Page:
April 27, 2016
We went out today and one of the newspaper peddlers chased me down at an intersection so I bought one of the local newspapers and the Manila Bulletin, the largest paper in the Philippines.
Each paper had something I found interesting. The local paper had an advertisement from Hyundai. Hyundai had run a test drive on what is probably the busiest street in the Philippines to demonstrate how fuel efficient their cars are. The street is EDSA- that is an acronym for something but it is too long to care about so everyone just calls it EDSA. It is in Manila as you might expect.
Anyway they made 3 test drives. They started and stopped at Shell gas stations on each end of the drive. They used two different cars and the odometer readings were from 13.67 miles to 15.22 miles on the same car. I do not know how the miles driven could be so different if you are starting and stopping at the same place but oh well.
One started at 6:30 AM. One started during evening rush hour of 6 PM and the last one started at 9:30 PM. As you would expect the fastest time was the one starting at 9:30 PM. To drive 15.22 miles it took 1.43 HOURS. That is 86 minutes to only go 15.22 miles. The average speed was 14.29 MPH.
The slowest time was the one starting at 6 PM. It took 2 ½ hours to cover the distance of 13.67 miles for an average speed of 5.47 MPH.
Sometimes when I am channel surfing I see the Manila traffic report and traffic on that street is usually about 3 MPH or even at a standstill.
That would be reason enough not to live in Manila but the air pollution would force me to leave. Since the drought has gotten worse and worse here so has the air pollution. A few days I was forced to come inside because my eyes were burning when I was sitting outside. And yet a lot of Filipinos still burn leaves and garbage every day. Even one of my neighbors who is from New Hampshire lets his wife burn the cut grass every week making a lot of smoke and pollution.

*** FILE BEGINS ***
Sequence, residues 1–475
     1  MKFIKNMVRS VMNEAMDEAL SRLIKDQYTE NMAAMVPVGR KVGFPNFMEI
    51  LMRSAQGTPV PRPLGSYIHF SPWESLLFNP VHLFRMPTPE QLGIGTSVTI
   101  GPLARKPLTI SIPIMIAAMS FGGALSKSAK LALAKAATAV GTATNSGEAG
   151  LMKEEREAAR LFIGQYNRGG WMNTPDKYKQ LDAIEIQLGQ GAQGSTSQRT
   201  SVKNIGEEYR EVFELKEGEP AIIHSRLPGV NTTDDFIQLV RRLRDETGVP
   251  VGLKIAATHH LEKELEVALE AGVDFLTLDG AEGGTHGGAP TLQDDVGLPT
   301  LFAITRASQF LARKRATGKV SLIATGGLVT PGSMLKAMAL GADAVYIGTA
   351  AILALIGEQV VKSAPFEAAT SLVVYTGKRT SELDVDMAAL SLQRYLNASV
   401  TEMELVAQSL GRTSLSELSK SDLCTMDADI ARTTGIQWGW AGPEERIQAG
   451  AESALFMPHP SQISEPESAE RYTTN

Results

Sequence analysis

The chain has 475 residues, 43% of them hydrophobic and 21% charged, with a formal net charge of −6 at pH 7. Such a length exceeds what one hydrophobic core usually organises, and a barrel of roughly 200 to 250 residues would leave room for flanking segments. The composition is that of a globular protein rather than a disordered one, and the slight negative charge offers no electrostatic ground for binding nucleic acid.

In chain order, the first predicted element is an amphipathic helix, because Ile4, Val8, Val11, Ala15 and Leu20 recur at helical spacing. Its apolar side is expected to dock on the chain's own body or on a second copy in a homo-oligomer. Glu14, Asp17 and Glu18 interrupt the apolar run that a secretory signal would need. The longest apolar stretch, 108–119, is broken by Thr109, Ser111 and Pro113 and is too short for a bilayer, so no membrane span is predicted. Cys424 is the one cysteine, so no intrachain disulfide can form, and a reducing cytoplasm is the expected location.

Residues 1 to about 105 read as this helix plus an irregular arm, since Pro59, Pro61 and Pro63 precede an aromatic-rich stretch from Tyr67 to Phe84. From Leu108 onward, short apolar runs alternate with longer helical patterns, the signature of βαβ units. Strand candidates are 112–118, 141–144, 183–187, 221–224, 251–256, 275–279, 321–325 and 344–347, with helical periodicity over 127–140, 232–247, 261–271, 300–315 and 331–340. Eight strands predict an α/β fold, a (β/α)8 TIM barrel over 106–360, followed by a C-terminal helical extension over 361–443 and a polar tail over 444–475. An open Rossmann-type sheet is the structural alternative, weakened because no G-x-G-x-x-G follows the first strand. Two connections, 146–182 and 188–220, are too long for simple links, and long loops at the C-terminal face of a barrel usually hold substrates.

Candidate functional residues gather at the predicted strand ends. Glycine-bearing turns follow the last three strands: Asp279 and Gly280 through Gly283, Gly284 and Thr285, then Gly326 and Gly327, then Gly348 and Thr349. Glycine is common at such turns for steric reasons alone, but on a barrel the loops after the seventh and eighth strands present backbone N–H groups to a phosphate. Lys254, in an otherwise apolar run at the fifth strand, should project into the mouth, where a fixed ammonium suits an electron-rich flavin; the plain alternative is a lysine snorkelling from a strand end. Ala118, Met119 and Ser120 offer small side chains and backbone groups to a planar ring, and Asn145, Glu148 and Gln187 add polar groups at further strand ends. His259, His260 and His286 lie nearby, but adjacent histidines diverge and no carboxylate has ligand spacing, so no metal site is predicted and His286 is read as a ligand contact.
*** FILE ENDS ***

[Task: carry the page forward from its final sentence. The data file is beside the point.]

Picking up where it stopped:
The other thing of note was as picture caption about squatters houses being demolished in the national capital region. 80 houses are being torn down. Those 80 houses are on a 2000 square meter lot. I did the math so you do not have to but that means each house averages 269 square feet. And that is not subtracting for the narrow paths between the houses. Most of the paths are only about 3 feet wide but if you think of these shacks as tiny houses you can think of the paths as tiny streets. That is where the kids play, where they sit when they wash clothes, where they hang their laundry to dry and where they sit and talk to the neighbors. If you want to carry anything of any size you have to get people to move seats, etc.
Les’s mom lives in a similar squatter’s area here in CDO. Most of the paths are an uneven surface of concrete sections that can be lifted off to get at and clean the sewage ditch underneath. The septic tanks are under the house with a drain leading to the concrete ditch under the paths.
The houses in her area are somewhat larger. Most are two stories. Les’ mom’s house is only one story but is 15’ X 20’ so it is 300 square feet. When I met Les there were 2 adults and 5 kids living in that house. That is about average for a Filipino household.
If you think about it you will realize that 200 – 300 square feet is not very big for a family of 7 to live in. My living room in my house outside Van Wert was 15’ X 15’ so it was 225 square feet just for ONE ROOM and that was not an overly large room.
That will give you a small glimpse of what living here as a Filipino would be like.